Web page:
Disco Elysium’s gameplay revolves around four main skill trees: intellect, psyche, physique and motorics. Each skill tree has two further subdivisions that offer bonuses based on how high your skill is – for example, having a high intellect allows you to ask insightful questions during interviews, while also giving you access to more skills as you progress in the game.
Disco Elysium: The Final Cut is an amazing game to play and offers countless hours of mystery and adventure. There are multiple paths, endings, and outcomes that each play-through will yield, and the writing is clever throughout. The customization options give the player some truly unique decisions to make which affect gameplay and outcomes in a variety of ways.
With Disco Elysium you can be a gun for hire, a hardboiled detective, or just some guy who happened to wake up with amnesia.
With plenty of quests to complete and puzzles to solve, Disco Elysium is the sort of game that offers plenty of replay value. On top of the multiple character builds, players can go through and engage in conversation with the city’s many characters and ask them about their secrets and whatnot (giving you even more quests to complete). If you’re looking for a murder mystery with a healthy dose of East Coast hipster culture, Disco Elysium is the perfect choice – just another indie text adventure worth your time.
4. Crusader Kings III
Platforms: Linux, PC (Microsoft Windows), Mac, PlayStation 5, Xbox Series X|S Genre: Role-playing (RPG), Simulator, Strategy Developer: Paradox Development Studio Publisher: Paradox Interactive Release: September 01, 2020
Crusader Kings III is a historical strategy game. Set in medieval Europe, it invites players to take control of a dynasty and wage war, conduct diplomacy and marry their relatives. The player can be challenged by other nobles and use assassination to remove a rival or even declare war against the king.
The game has been released on September 1, 2020. Crusader Kings III is set in the time period between 1066 and 1453. It includes all of Europe, part of the Middle East, north Africa and the British Isles.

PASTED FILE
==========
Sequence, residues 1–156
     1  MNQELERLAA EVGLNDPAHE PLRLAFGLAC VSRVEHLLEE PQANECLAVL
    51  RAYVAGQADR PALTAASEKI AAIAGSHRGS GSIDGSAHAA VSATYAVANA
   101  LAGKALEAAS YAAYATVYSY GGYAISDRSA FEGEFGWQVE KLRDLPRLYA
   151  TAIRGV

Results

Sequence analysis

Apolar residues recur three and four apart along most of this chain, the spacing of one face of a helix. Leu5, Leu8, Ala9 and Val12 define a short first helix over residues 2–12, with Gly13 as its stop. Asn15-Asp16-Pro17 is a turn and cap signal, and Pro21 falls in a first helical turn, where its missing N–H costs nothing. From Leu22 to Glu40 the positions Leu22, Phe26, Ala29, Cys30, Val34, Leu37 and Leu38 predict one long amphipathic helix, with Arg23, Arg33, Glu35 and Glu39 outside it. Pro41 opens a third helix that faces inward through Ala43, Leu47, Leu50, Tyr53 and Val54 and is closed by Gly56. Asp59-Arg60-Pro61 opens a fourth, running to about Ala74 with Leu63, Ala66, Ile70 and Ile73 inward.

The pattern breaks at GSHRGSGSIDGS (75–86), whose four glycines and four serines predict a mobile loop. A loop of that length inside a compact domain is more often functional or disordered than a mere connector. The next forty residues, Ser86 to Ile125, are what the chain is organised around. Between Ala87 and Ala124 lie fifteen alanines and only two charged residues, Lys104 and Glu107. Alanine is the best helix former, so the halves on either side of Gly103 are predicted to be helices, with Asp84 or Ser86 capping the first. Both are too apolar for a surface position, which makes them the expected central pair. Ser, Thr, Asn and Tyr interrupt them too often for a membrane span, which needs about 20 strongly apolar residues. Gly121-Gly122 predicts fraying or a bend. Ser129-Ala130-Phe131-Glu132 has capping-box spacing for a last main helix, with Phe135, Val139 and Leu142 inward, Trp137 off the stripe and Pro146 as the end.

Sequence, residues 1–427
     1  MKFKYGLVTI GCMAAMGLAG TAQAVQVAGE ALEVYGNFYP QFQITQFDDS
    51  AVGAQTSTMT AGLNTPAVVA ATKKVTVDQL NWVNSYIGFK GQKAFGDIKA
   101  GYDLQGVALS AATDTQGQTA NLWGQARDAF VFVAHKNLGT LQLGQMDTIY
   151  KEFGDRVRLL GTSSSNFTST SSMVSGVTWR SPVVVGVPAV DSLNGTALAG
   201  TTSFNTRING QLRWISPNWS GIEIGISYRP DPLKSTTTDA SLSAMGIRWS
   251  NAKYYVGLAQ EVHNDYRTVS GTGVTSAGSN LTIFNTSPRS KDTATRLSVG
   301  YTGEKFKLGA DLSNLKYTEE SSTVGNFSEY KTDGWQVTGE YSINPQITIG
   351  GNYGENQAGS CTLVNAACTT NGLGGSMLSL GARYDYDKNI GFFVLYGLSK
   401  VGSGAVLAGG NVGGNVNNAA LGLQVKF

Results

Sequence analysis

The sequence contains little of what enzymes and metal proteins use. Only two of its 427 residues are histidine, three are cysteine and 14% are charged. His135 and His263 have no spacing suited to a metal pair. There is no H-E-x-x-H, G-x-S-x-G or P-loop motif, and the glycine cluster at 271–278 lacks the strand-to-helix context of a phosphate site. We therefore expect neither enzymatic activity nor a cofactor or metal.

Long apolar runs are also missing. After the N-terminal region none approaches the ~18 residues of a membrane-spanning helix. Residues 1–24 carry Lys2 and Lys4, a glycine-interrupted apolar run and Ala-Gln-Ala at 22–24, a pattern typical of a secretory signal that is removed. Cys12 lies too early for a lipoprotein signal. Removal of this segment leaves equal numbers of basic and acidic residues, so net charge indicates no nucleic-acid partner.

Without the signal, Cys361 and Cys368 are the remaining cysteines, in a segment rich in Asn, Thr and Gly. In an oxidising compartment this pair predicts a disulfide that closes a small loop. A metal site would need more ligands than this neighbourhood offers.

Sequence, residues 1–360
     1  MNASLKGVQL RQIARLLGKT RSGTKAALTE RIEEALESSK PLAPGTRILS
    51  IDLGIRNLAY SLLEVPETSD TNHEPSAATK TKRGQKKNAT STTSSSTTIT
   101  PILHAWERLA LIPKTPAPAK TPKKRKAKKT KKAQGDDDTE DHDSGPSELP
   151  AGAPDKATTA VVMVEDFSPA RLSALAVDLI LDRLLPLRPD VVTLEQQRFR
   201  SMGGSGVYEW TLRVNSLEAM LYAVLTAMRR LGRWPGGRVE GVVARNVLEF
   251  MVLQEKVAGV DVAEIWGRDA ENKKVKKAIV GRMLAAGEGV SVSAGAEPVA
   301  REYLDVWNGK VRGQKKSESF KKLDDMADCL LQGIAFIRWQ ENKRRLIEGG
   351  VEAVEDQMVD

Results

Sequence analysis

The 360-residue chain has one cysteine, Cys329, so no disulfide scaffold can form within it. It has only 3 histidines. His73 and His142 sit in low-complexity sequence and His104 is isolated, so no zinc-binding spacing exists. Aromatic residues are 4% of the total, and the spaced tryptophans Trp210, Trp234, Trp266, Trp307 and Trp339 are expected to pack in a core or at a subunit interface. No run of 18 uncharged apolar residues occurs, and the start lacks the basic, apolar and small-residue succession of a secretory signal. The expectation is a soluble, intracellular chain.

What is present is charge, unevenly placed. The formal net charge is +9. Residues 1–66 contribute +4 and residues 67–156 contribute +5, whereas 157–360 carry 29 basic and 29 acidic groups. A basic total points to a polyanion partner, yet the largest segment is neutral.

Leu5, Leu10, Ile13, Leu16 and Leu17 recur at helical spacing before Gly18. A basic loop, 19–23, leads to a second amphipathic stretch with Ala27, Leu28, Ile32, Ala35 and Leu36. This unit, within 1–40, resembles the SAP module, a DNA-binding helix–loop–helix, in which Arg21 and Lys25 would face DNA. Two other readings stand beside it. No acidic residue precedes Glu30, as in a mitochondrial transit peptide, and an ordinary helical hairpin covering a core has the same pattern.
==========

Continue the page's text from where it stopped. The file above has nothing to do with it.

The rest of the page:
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The original Crusader Kings, a grand real-time strategy game about medieval European politics, was released in 2004. It was a rough and unapproachable game, but its reputation grew over time because of its unique flavor.
Crusader Kings 2 came in 2012 and changed everything by fixing the prequel’s shortcomings, adding tons of new features and making the series as accessible as it is intricate.
Crusader Kings 3 strikes a great balance between staying true to the previous games while building up on them in dozens of meaningful ways. The result is an even more detailed, diverse and ultimately satisfying experience than before.
One of the biggest additions is the way the game now handles character traits and ambitions.
Whereas before your ruler’s personality was determined by a set of randomly-generated traits and quirks (such as being sadistic or gluttonous), now all characters have their own sets of aspirations they want to fulfill and flaws they want to overcome — and doing so can help influence their personality in different ways.
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While it may seem like a minor improvement on paper, it makes for richer stories that often take surprising turns as characters achieve or fail to achieve what they set out to do.
The core conceit remains the same: You play as a medieval ruler of one of hundreds of different dynasties, and your goal is to establish and expand your family’s power and prestige through any means necessary.